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Outside the big box

Small Business Saturday catching on as enticement to shop local

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By Claudia Buck
The Sacramento Bee
  • Tiffany Latino, owner of The Bird Shop, holds a Black Headed Caique and Blue Front Amazon at her store in Sacramento, Calif. "We'll probably get ...

    Paul Kitagaki Jr./Sacramento Bee

    Tiffany Latino, owner of The Bird Shop, holds a Black Headed Caique and Blue Front Amazon at her store in Sacramento, Calif. "We'll probably get an extra 30-40 people" on Small Business Saturday, she says.

Amid the chirping, twittering and fluttering, The Bird Shop in Sacramento, Calif., has all the sounds of a bustling holiday season. From her perch amid dozens of chattering parrots, parakeets, cockatiels and canaries, third-generation owner Tiffany Latino is counting on strong sales in the weeks ahead.
And there's one day she's particularly zeroed in on: this weekend's Small Business Saturday, a nationwide event to encourage holiday shoppers to spend some dollars at local, independent businesses.
With fewer shopping days between Thanksgiving and Christmas this year, small businesses say they need the holidays -- and the attention focused on Nov. 30 -- to go out big.
The country's 23 million small businesses account for about 54 percent of all U.S. retail sales, according to the U.S. Small Business Administration. But with unemployment still stubborn and consumer confidence wobbly, many are nervous.
"With good reason. Your average bookstore owner, restaurateur or auto-shop owner has a lot of concerns and frustrations with the economy," said John Kabateck, California director of the National Federation of Independent Business. "That's why 'shopping small' is a big deal in an uncertain economy."
Now in its fourth year, Small Business Saturday appears cemented in place as a reminder to consumers to "shop local" not only during the holidays, but year-round. It's been recognized by Congress, endorsed by the SBA, and supported by American Express and the NFIB.
About 70 percent of small-business owners -- those with fewer than 100 employees -- say the Saturday event helps draw customers, according to a recent joint survey by the NFIB and American Express. And 18 percent -- double the proportion in 2012 -- plan to advertise their participation on radio, TV or in newspapers.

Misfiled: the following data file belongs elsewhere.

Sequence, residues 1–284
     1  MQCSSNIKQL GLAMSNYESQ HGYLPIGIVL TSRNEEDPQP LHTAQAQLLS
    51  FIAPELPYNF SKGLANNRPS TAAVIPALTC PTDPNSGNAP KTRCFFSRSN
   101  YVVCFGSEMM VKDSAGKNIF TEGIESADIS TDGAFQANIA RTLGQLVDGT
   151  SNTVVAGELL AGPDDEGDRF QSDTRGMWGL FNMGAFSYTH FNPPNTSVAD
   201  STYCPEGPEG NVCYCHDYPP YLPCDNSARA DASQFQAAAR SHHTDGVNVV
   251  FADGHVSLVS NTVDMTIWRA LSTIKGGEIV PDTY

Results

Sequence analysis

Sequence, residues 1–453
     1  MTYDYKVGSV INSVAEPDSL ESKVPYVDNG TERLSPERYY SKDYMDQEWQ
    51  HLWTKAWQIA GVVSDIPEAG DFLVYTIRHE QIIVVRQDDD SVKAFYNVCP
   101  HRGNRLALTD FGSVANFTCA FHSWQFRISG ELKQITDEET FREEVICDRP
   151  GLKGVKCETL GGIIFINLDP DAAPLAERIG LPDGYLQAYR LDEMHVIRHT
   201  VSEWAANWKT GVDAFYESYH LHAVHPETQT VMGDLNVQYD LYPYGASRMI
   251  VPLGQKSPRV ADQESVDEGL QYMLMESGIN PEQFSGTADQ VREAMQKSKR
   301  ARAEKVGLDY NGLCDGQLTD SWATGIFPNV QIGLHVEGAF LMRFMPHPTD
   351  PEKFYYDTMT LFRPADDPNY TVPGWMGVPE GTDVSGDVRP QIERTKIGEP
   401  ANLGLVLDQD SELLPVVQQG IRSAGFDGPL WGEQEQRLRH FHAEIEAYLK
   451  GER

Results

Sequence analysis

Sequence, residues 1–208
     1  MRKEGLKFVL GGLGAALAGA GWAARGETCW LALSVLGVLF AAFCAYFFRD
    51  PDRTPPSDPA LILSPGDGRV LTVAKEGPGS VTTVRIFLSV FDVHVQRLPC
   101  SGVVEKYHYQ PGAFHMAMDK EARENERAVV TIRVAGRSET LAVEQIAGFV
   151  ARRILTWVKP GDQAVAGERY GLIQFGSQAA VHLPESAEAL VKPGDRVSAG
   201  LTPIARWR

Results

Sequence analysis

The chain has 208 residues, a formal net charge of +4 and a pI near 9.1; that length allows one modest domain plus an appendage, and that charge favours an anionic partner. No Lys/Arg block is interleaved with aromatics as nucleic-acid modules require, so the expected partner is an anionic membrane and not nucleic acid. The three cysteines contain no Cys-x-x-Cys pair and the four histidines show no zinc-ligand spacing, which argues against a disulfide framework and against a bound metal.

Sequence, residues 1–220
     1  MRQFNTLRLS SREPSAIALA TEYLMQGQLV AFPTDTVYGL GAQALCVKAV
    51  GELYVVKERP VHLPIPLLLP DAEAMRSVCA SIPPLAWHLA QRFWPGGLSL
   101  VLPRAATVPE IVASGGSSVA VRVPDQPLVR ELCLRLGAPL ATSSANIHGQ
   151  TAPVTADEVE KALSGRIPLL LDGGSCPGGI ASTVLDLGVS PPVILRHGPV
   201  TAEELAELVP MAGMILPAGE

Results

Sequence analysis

Nationwide, mom-and-pop stores can get plenty of help from Small Business Saturday sponsors to get the word out. There are free templates of emails and Facebook posts to send customers. FedEx will print two free copies of a company's Small Business Saturday poster. Twitter will provide $100 in free advertising credits to the first 10,000 new business users who open Twitter accounts.
And for shoppers, those who use their American Express card this Saturday to buy at least $10 of merchandise from a qualifying local retailer can get a free $10 credit on their next bill.
Does Small Business Saturday really work? "The numbers speak for themselves," said Kabateck, director of California's NFIB, who said consumers spent an estimated $5.5 billion nationwide on Small Business Saturday last year.
"It's a gift of hope that small-business owners desperately need. It's proving to be more and more effective in restoring hope . and in reminding consumers to shop local throughout the year."
Small Business Saturday
Since launching in 2010, Small Business Saturday has attracted more interest by local retailers nationwide, according to a recent survey of 500 U.S. small business owners:
18 percent will advertise on radio, TV or newspaper (up from 9 percent in 2012);
33 percent will offer a free gift with purchase (up from 20 percent in 2012);
36 percent will offer coupons or discounts;
70 percent say it will help attract new customers.
SOURCE: National Federation of Independent Business and American Express



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